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Daniel Richards - MENA Economist
Published Date: 20 May 2022
The Central Bank of Egypt hiked its benchmark interest rates by 200bps yesterday, taking the overnight deposit rate to 11.25%. This was a bigger move than the consensus expectation (100 bps), but smaller than our prediction (300bps) as we had anticipated more rapid tightening from the CBE following the 13.1% y/y inflation print for April . With the CBE taking a less aggressive stance than we had anticipated we have pared our expectation for June’s meeting to a hike of 150bps, from 200bps previously. Nevertheless, the direction of travel will remain towards tighter monetary policy with inflation set to remain high over the next several months and the US Federal Reserve signposting a series of 50bps hikes itself.
Source: Bloomberg, Emirates NBD Research
In its communiqué the CBE cited the inflationary pressures emanating from the war in Ukraine (to which Egypt is particularly exposed given around 80% of the country’s wheat imports come from the Black Sea region) and the ongoing disruption to supply chains from lockdowns in China. Core inflation has also been accelerating, rising to 11.9% in April, and the depreciation of the EGP which took place in March will continue to exert pressure over the coming months even as some other pressures start to ease. This will keep real interest rates in negative territory for the time being, in contrast to the recent period of wide positive margins that have encouraged international investors to purchase domestic debt.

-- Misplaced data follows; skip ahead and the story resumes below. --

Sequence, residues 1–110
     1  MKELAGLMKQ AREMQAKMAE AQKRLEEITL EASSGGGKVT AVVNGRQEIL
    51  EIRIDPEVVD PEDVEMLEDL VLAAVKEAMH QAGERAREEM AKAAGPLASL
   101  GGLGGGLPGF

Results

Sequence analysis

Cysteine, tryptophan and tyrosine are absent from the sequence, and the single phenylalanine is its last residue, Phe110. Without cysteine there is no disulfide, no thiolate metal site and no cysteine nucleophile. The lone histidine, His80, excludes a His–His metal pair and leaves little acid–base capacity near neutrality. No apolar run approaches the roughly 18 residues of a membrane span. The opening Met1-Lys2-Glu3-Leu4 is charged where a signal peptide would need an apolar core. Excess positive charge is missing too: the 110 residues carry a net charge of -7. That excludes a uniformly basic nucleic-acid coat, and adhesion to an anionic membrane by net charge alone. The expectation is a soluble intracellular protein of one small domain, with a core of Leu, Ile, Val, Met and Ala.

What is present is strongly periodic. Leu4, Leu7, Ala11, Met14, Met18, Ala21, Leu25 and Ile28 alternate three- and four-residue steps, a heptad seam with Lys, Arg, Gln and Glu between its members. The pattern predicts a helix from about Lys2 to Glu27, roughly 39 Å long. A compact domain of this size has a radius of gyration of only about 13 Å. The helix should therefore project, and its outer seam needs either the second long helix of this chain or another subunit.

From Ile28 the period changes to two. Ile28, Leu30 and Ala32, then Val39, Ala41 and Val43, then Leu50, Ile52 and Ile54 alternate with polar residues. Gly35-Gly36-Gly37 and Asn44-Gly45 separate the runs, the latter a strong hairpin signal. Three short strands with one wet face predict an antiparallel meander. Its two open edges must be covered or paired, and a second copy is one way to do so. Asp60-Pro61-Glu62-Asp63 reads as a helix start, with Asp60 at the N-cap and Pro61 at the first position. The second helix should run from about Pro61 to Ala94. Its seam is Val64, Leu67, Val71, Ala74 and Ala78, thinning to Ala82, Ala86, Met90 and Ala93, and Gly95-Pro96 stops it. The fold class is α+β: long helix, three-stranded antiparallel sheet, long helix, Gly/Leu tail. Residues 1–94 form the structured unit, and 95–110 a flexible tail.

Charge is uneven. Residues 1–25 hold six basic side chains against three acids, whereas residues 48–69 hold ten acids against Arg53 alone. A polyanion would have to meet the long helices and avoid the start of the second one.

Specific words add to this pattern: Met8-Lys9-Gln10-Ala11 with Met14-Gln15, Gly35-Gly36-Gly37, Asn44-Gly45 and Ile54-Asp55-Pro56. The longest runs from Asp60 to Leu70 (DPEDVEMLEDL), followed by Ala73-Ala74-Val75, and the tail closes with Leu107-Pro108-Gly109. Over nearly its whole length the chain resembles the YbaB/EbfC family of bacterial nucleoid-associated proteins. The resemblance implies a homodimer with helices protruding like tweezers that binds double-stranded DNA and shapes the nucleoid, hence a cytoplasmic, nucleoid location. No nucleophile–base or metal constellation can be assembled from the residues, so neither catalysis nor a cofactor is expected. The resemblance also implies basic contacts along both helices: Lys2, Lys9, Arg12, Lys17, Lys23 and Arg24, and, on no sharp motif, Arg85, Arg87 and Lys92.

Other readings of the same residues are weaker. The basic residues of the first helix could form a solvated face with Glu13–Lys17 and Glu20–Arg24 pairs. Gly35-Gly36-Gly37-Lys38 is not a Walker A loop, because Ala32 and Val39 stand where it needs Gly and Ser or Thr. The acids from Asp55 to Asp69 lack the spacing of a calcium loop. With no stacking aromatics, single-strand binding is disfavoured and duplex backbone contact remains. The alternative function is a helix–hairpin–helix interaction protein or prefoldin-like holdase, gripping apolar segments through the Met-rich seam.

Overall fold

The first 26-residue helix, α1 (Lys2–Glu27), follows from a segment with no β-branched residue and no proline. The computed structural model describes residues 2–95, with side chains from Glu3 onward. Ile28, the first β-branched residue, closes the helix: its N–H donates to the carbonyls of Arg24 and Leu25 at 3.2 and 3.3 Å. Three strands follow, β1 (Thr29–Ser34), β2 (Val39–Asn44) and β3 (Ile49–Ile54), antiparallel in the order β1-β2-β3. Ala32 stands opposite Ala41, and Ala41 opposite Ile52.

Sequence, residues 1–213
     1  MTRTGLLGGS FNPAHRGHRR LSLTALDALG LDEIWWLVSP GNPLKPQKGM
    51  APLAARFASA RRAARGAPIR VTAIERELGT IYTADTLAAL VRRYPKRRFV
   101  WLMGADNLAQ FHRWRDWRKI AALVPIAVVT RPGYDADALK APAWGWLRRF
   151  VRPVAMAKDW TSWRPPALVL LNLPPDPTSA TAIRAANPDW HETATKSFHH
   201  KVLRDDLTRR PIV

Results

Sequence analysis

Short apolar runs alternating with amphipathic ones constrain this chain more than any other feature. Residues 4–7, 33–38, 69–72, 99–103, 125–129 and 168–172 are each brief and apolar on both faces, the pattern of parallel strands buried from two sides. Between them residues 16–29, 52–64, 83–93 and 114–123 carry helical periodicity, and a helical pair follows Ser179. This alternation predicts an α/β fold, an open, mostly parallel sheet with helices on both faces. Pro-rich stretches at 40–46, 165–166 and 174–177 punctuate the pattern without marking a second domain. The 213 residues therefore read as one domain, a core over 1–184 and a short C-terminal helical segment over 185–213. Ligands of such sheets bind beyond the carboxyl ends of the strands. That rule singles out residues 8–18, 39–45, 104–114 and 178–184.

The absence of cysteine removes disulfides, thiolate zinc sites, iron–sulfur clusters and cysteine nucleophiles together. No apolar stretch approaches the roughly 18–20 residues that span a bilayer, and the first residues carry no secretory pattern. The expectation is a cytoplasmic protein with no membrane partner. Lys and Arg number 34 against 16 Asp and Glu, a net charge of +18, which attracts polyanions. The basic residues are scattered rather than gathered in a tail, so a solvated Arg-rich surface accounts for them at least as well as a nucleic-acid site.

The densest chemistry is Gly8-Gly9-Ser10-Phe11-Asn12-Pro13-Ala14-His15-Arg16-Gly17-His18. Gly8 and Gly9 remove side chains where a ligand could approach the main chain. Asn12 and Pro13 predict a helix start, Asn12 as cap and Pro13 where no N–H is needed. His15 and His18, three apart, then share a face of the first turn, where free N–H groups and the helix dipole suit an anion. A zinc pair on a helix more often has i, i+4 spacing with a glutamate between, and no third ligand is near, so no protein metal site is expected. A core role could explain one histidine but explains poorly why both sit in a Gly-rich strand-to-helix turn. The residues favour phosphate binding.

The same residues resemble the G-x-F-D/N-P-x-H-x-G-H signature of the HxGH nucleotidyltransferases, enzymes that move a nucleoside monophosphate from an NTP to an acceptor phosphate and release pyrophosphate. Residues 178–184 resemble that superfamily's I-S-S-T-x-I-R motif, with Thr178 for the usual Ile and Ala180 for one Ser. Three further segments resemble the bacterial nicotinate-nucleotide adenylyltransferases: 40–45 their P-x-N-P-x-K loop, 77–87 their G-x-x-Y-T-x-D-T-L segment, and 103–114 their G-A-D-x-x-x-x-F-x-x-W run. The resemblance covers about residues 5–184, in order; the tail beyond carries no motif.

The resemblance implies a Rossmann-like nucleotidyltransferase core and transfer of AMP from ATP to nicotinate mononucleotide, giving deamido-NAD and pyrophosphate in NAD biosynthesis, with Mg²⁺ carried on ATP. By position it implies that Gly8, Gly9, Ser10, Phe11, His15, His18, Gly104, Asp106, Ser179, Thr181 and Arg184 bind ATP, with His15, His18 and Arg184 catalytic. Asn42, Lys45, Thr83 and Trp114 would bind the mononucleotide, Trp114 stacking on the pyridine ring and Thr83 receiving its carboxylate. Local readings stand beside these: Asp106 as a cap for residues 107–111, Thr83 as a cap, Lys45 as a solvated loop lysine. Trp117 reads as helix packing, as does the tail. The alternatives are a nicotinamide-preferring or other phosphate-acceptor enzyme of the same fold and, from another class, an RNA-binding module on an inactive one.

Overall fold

The bank’s statement said that ‘the elevated annual inflation rate will be temporarily tolerated relative to the CBE’s pre-announced target of 7 percent (±2 percentage points) on average in 2022 Q4, before declining thereafter’, suggesting that aggressive hikes to get ahead of inflation are less likely to materialise over the next several meetings. Nevertheless, we still expect further tightening from the central bank. CBE Governor Tarek Amer spoke at the Arab Banking Conference in Cairo yesterday where he stressed that the bank would take any necessary steps to curb inflation, and the MPC communiqué reiterated that the bank ‘will not hesitate to utilize all available tools to achieve its price stability mandate.’
Moreover, aside from the domestic inflation question the international backdrop – with the FOMC hiking at a more rapid pace than expected several months ago and other DM central banks signposting tighter policy – will also strengthen the case for more rate hikes if the CBE wishes to encourage renewed inflows of portfolio investment.
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